“Oh, shit is that a skunk? I’m pretty sure that’s a skunk”. This sentence can always cause a moment of trepidation on any trip, multiplied in this case by the tough day of pedaling we just had. When my partner Alycia uttered those words, we were already a few hours past the time we both would have preferred to stop for the night, and dinner was a distant memory. Alycia’s DSLR had recently hit the eject-from-bike button and taken an un-dignified crash through the dirt and rocks.
To top it off, the campsite I was encouraging – some might call it pushing – us to aim for, was about 20km farther than I had thought it was. As we descend down a dark section of singletrack, both too stubborn to pull our lights out. “I’m pretty sure the campsite is just over there,” I say over and over and over. A small, quick creature, keeps scurrying ahead of us on the path but never diverting into the forest. We had no choice but to keep following, fingers crossed that we wouldn’t get too close. Keep in mind, it is extremely hard to cross your fingers while using brake-levers.
Luckily this story doesn’t end in a skunk-spray-soaked night of camping on the banks of the Columbia River, but it really could have. We were a few days into an 8-day trip we had planned across a good chunk of British Columbia. The BC Epic Route traverses British Columbia from Merritt to Fernie over 1000km of varied terrain. It generally follows the Trans Canada Trail along decommissioned rail-grade, and a bit of pavement and single track peppered into the mix. I often find it’s always easy to remember moments on trips that seem a bit stressful, or desperate. The heat, the mechanicals, or the angry drivers.
Now, reminiscing on this trip, there are these small moments that stick in my brain, like the hook of a song or a beat you tap absent-mindedly. Of course, I remember the preparation, the packing of bags, getting bikes prepped, the long drives to start, and the worry of forgetting some key item.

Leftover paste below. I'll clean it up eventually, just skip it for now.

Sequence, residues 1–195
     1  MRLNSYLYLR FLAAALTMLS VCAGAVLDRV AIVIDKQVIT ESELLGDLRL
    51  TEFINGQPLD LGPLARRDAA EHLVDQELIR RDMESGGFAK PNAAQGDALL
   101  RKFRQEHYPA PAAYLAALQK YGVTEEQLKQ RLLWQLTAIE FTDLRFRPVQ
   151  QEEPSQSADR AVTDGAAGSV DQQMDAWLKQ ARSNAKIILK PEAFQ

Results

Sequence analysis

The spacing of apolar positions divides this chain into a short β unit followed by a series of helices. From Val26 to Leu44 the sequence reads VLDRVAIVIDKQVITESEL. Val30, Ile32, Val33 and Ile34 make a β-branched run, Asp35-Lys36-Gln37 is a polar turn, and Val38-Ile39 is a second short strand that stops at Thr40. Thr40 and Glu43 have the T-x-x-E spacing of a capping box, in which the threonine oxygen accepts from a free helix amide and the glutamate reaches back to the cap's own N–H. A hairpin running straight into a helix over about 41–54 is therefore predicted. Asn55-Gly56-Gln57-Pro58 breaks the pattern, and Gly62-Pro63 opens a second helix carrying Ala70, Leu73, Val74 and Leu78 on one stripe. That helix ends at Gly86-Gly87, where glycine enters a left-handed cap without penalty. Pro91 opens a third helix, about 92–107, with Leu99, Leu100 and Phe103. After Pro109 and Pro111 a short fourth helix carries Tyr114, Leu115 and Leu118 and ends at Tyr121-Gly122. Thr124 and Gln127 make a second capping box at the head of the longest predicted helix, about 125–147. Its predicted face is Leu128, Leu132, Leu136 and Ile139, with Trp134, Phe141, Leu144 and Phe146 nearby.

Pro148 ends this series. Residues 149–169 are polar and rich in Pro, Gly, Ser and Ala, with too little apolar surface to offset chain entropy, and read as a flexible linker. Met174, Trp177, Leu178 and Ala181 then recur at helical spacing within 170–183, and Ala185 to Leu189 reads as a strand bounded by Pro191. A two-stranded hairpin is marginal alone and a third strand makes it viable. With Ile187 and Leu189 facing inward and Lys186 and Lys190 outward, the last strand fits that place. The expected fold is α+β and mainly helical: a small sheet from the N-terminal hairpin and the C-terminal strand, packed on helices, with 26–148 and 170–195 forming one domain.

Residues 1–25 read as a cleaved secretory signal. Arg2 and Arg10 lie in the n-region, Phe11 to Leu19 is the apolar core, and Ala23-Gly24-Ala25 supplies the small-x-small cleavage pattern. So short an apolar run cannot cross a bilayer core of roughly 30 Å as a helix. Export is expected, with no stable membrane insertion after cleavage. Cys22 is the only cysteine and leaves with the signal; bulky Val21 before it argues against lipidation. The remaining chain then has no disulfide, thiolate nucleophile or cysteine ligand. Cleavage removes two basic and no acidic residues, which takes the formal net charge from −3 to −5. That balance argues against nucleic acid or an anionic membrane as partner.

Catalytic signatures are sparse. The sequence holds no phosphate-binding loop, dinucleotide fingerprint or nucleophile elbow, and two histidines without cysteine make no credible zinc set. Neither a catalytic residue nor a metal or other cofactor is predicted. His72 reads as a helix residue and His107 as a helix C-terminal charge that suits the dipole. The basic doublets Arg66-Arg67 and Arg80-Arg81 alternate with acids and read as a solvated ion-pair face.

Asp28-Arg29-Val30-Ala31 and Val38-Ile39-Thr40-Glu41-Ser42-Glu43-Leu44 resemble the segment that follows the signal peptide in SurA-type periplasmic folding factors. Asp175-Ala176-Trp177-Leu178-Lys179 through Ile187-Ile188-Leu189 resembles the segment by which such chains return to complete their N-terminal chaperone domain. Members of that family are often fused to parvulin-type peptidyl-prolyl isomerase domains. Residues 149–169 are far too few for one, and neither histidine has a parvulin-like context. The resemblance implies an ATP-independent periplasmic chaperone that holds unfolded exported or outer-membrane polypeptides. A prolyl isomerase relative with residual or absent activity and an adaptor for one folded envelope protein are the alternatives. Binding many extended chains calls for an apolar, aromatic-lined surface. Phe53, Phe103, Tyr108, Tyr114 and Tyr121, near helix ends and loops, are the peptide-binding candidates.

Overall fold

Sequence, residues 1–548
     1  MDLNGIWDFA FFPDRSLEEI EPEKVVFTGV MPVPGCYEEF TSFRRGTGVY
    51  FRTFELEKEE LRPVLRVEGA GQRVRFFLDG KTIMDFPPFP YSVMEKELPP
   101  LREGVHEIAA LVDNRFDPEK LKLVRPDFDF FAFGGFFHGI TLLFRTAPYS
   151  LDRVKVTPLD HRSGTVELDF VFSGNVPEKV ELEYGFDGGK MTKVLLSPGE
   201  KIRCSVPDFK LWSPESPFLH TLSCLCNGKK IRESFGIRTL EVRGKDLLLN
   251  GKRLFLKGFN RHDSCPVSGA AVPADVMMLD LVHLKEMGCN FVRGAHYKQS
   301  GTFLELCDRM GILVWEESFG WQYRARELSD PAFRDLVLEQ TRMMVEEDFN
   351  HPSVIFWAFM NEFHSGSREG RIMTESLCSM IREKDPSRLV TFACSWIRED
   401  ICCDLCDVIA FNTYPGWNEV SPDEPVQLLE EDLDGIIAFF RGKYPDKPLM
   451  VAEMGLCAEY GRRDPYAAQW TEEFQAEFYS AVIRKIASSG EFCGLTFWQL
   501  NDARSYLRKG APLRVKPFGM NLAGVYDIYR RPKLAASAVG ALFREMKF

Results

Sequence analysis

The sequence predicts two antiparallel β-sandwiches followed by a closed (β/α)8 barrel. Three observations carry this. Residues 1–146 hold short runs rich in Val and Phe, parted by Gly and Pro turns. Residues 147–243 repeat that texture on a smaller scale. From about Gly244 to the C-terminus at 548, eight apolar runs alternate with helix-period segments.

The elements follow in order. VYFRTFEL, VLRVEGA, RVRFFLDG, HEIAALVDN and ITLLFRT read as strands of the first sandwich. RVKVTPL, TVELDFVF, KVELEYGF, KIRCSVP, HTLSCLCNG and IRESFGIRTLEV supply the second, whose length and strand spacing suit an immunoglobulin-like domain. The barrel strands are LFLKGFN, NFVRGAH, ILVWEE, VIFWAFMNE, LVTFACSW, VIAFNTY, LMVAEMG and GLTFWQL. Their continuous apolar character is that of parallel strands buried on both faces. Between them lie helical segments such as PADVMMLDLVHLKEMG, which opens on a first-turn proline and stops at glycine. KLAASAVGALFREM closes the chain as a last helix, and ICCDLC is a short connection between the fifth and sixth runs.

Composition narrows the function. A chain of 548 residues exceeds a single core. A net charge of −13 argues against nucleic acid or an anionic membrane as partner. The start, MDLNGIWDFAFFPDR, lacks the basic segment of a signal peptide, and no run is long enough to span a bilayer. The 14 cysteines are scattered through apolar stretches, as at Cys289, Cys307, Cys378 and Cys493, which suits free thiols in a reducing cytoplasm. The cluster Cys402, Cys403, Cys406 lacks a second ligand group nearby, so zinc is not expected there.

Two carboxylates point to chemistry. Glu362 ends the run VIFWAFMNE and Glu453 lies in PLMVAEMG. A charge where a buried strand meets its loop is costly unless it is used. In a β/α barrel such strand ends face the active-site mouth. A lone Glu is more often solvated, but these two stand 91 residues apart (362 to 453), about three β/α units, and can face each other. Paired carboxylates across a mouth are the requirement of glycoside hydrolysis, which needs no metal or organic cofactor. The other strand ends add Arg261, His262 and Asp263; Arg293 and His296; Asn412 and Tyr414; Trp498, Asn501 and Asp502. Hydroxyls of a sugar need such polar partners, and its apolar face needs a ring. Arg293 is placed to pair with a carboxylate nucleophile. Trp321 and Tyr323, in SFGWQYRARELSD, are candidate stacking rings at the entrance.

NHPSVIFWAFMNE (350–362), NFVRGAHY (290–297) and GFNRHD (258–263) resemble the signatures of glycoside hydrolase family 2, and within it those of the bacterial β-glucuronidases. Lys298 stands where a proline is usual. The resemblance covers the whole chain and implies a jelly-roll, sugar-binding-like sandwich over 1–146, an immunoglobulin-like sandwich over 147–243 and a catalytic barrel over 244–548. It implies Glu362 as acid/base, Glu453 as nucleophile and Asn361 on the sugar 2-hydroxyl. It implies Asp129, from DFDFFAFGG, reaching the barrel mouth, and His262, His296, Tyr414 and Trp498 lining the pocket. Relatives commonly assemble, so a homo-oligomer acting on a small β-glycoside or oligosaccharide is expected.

More importantly, I remember the feeling of bathing in a small creek at the end of our first day. Both laughing as we stood in the water, washing off the fine dust and cooling our sun-soaked skin. I remember eating salad out of a bag, hiding from the mid-day heat in the shade of a small grocery store, a simple act of rehabilitation. I remember the uncertainty we both felt, as a large herd of cows blocked our only way, slowly passing by, they were equally confused to see us. I remember sharing warm beers, and salt and vinegar chips as we jumped into the most perfect swimming hole, an unplanned stop.
I remember washing the black dirt off our legs and feet in a gas station parking lot, not sure where we would camp that night. Then waking up to perfect light, and cups of coffee. I remember riding uphill, next to a busy highway, in the pouring rain, feeling water pool in my shoes, and the small of my back. I remember how Alycia never complained once about being wet, but just looked forward to our next coffee stop, and the next and the next.
If you’re lucky, you reach some sort of a meditative pace on a multi-day ride and allow yourself many breaks, small moments and memories. The nice thing about memory is that you might not remember things exactly as they were. So, maybe you don’t remember that knee pain, the sunburn, fixing flats, or that pesky saddle sore.